91 – 2006 Brazilian GP



A series taken from the 162-page Motor Sport special 100 Greatest Grands Prix (other specials are available here).

Click here to buy the lead image.

From the editor Damien Smith

The Grand Prix motor races we can never forget…

Welcome to this special one-off magazine, dedicated to our love of Grand Prix racing and produced by the same team that brings you Motor Sport each month.

It seemed a good idea: whittle down 107 years of racing history to come up with 100 GPs that could be considered the ‘greatest’ – then rank them in meritocratic order. By week three, the old grey matter was beginning to ache…

Defining greatness was the first task. There were the obvious races – the wheel-to-wheel duels, the comeback classics. But there were also individual performances of supreme dominance, races that might not necessarily have been the most exciting to witness. Greatness goes way beyond thrill-a-minute, we decided.

Then there were those races of prominence, attached to a certain time or place that made them hugely significant. I’m thinking specifically of Belgrade, 1939. Only five entries took the start of a race that didn’t sound particularly scintillating. But as it happened to take place on the very day WWII broke out, we felt it worthy of inclusion. Meanwhile, Sebastian Vettel’s remarkable maiden GP win at Monza in 2008, for lowly Scuderia Toro Rosso, was left on the cutting room floor. Is that fair? You decide. We also opted to include a few races that weren’t Grands Prix, leastways in name, although the strength of entry was such that they might as well have been…

Choosing which races should make the list was hard enough; ranking the top 100 in some sort of order was even tougher, especially when it came to the crunch: which should be number one? We never did agree unanimously on the ‘greatest’, but if the magazine was to be finished a decision had to be taken. And that’s what I’m here for!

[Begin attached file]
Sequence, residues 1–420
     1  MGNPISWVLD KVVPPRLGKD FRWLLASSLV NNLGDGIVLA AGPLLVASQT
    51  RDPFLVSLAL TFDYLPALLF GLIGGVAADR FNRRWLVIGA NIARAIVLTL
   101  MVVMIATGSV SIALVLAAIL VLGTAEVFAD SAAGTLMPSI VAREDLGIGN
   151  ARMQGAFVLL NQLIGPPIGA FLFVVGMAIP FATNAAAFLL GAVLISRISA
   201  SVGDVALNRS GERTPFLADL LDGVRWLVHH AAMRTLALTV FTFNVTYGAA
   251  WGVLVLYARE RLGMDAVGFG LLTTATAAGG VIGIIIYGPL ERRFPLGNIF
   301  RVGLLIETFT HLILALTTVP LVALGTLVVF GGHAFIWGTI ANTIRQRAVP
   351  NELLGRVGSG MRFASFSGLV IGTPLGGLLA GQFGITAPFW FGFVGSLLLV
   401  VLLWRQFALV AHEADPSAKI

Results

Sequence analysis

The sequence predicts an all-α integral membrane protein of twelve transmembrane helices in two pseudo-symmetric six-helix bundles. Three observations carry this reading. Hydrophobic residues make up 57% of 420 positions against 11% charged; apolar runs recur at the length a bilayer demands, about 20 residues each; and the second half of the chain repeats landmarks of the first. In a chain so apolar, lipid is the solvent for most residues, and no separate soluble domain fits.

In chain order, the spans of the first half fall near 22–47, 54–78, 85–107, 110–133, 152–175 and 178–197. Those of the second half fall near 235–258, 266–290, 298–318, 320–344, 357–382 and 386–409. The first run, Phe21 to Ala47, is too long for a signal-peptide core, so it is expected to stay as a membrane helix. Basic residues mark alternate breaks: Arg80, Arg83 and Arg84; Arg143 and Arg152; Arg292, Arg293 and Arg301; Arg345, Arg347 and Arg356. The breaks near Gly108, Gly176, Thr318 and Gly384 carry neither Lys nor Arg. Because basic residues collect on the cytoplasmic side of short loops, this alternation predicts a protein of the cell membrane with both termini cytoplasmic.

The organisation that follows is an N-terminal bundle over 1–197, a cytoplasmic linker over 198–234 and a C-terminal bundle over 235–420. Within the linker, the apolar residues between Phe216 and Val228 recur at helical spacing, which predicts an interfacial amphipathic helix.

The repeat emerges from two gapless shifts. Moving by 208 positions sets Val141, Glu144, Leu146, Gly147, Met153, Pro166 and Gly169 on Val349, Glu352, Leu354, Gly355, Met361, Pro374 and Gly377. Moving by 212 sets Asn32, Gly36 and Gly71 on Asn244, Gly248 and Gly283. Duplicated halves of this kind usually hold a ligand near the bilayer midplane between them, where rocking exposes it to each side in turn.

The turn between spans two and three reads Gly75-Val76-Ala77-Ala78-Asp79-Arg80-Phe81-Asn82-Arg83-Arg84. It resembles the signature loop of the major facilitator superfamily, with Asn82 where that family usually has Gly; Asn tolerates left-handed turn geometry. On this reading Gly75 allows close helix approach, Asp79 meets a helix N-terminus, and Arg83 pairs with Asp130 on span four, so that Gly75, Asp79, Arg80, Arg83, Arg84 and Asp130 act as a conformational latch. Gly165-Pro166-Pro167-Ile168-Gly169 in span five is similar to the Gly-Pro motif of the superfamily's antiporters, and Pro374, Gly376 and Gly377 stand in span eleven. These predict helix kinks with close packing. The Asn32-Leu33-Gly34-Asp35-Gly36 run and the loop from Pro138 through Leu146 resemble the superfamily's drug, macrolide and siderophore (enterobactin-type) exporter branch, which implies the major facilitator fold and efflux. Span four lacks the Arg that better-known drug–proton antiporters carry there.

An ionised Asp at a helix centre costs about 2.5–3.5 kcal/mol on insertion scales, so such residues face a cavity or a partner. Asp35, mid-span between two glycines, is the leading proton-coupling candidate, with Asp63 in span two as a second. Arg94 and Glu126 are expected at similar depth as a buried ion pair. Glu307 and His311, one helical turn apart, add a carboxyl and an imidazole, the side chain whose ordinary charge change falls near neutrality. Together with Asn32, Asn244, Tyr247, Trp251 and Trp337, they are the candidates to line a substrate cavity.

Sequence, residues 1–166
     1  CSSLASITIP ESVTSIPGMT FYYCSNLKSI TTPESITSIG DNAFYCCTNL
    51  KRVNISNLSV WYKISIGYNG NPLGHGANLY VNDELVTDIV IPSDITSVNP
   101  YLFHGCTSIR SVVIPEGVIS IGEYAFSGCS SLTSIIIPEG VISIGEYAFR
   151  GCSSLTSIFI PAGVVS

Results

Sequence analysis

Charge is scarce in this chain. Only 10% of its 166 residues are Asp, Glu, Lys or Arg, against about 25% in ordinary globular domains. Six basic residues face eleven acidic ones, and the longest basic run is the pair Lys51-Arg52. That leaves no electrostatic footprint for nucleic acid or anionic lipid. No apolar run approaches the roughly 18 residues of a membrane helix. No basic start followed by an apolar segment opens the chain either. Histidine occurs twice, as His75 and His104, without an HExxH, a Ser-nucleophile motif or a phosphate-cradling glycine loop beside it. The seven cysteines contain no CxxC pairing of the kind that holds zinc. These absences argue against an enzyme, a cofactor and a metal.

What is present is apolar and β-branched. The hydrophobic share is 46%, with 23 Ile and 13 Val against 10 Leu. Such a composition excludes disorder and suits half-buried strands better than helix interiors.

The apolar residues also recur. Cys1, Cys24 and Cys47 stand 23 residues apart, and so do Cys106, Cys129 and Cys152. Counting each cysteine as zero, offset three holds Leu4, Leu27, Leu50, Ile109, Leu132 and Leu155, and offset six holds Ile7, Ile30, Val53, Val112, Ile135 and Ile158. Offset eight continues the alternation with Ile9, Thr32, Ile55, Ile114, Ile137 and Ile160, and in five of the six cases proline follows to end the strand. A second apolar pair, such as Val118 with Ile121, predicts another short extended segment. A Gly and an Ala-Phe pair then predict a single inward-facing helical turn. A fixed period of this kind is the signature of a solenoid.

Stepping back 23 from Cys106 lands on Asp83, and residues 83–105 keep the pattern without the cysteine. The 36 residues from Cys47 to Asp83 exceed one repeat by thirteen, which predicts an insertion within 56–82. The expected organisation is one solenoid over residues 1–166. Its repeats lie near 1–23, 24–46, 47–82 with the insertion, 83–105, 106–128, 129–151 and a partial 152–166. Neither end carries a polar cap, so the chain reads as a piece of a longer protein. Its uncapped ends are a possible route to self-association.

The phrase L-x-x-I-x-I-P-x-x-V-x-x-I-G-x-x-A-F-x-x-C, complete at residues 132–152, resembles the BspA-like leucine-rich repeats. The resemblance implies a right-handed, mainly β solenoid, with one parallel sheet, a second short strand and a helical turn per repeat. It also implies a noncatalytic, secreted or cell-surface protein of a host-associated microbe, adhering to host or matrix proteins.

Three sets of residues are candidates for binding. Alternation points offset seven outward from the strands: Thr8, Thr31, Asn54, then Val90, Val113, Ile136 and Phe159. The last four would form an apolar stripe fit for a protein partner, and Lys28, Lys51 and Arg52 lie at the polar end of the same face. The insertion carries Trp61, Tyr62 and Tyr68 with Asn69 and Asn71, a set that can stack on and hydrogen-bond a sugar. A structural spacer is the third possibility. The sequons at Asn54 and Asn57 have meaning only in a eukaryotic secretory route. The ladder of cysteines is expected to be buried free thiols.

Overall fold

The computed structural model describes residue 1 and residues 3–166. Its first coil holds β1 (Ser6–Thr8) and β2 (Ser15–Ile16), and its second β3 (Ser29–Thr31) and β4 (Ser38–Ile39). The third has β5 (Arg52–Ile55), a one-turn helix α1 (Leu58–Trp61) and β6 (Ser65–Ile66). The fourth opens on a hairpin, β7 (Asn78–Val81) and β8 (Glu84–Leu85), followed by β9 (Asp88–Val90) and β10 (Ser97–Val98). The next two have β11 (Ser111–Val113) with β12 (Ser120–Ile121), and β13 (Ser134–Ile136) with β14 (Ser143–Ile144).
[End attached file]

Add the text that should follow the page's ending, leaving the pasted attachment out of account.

Will you agree with our choice and order? Probably not. But if steam begins to issue from your ears, take a deep breath. In any exercise such as this, there is no definitive list – because there can’t be. Our top 100 is based on opinion, nothing more, designed to be a bit of fun and to spark good-natured debate among fans of the world’s greatest sport.

So turn the page, delve in – and whatever you do, don’t take it too seriously.

2006 Brazilian GP
October 22, Interlagos

Felipe Massa, his Ferrari future secure, became the first Brazilian since Ayrton Senna in 1993 to win his home GP. He controlled the race from pole position, eking out a sufficient gap to retain the lead throughout his second planned pitstop.

It was, however, team-mate Michael Schumacher – iconic symbol of the team’s recent past – who stole the headlines.

Did Schumacher really want to retire? His announcement at Monza in September had been emotional but not entirely convincing. Ferrari, planning ahead, had placed him between a rock and a hard place: Kimi Räikkönen confirmed for 2007 at the expense of friendly Felipe – if Michael wanted to stay, that is. This was no way for Ferrari to treat the most successful driver in its history, and there was a distasteful hint of Enzo-like disdain in boss Luca di Montezemolo’s handling of the situation.

Schumacher won in Italy, and also in China, to draw level with Renault’s reigning world champion Fernando Alonso at the top of the points with two rounds remaining. But an engine failure while leading in Japan made the German the rank outsider at the finale: Alonso needed just a single point in Brazil.

The Bridgestone-shod Ferraris were the quickest at Interlagos, but a sudden drop in fuel pressure at the start of Q3 forced Schumacher to start from 10th. Worse, he dropped to last on lap eight when he clipped the front wing of Giancarlo Fisichella’s Renault and picked up a rear puncture. His subsequent charge to fourth, which included putting an aggressive Räikkönen firmly in his place – both men were attuned to the significance of the moment – served to emphasise that Schumacher had plenty more to give. If his second retirement came perhaps a year too late in 2012, his first had definitely come at least two, and possibly three, too early. PF

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